Dead Wood Removal
Dead wooding is the removal of major dead limbs and branches from a tree.
Light deficiency, pests, disease, and root damage are all part of a range of reasons why branches can die off. Dead wooding should be carried out for safety as dead branches will eventually decay and fall off. This process is normally slow, but can be shortened by high winds and extremities of temperature. This is particularly crucial for trees overhanging roads, houses, public areas and gardens.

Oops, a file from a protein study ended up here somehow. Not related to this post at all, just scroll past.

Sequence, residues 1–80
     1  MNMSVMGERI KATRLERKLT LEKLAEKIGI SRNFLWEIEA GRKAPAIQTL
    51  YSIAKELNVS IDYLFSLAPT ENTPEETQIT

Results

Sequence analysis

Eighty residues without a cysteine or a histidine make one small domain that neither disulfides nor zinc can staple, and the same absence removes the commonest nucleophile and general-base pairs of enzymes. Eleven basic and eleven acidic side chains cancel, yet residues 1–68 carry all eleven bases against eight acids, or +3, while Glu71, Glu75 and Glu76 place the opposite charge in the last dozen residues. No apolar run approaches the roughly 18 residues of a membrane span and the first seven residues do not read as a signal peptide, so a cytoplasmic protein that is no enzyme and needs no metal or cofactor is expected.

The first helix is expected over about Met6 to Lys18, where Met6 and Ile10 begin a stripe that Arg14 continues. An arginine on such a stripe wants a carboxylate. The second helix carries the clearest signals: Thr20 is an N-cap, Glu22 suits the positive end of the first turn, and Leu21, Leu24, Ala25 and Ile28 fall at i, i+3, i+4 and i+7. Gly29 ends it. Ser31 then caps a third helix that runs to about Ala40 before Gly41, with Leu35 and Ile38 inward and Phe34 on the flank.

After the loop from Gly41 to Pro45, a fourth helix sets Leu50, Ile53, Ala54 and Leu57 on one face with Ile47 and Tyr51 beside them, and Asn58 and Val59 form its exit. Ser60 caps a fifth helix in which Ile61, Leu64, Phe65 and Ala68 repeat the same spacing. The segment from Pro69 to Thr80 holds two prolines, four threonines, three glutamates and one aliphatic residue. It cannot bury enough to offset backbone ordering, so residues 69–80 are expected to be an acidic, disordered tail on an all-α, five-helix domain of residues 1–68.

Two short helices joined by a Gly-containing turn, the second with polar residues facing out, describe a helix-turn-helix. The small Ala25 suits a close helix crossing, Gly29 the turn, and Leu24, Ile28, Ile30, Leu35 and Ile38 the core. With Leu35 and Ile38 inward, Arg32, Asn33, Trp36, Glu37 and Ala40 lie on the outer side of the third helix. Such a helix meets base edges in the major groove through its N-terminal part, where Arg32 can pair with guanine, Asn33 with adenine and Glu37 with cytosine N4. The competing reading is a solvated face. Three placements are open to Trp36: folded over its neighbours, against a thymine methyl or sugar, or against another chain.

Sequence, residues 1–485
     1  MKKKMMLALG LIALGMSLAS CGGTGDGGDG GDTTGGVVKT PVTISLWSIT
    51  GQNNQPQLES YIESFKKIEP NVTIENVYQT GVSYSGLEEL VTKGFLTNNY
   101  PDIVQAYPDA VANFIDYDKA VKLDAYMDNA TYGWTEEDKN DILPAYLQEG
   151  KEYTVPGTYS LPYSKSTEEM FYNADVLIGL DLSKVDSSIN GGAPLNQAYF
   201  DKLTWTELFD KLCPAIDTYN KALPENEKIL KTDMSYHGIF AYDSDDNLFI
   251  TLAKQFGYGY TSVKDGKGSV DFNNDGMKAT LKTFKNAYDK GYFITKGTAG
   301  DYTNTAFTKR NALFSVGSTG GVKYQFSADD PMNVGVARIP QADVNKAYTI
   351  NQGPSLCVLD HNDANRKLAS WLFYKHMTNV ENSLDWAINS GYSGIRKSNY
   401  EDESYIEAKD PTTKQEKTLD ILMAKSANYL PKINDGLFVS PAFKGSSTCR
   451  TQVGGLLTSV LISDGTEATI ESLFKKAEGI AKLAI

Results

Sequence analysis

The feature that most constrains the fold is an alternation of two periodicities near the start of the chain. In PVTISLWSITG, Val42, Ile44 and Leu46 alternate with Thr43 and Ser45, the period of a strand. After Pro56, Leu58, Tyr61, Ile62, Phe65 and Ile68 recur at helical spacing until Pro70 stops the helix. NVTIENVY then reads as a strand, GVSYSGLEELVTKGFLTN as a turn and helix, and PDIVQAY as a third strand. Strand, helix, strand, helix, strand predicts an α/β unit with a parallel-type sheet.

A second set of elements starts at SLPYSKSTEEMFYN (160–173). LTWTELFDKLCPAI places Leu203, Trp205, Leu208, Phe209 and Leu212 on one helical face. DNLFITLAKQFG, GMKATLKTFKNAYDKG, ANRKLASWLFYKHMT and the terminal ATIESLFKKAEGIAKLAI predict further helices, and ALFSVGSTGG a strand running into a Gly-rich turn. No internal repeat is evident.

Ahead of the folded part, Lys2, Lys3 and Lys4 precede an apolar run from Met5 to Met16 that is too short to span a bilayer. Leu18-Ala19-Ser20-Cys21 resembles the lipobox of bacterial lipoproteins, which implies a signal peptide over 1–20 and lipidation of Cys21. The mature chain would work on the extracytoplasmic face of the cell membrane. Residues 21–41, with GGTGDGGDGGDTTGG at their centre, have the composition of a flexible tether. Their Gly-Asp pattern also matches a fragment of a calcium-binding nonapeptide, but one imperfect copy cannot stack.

Dead wooding can be undertaken for many reasons, a common reason being safety. When limbs die they become weak and at some point will fall off. Depending on where the tree is located this may cause a potential threat to pedestrians, traffic or children playing below, therefore the measure to be taken is a climbing inspection of the tree to remove any major deadwood causing threat.
Notice that when mentioning the dead material to be removed ‘major deadwood’ was stated. This reasoning is because there are plenty of dead branches which are too small to be a concern; therefore it would not be necessary to remove them. It is the decision of the climber to choose the diameter of dead wood according to the timber characteristics that should be removed from the canopy for each individual tree.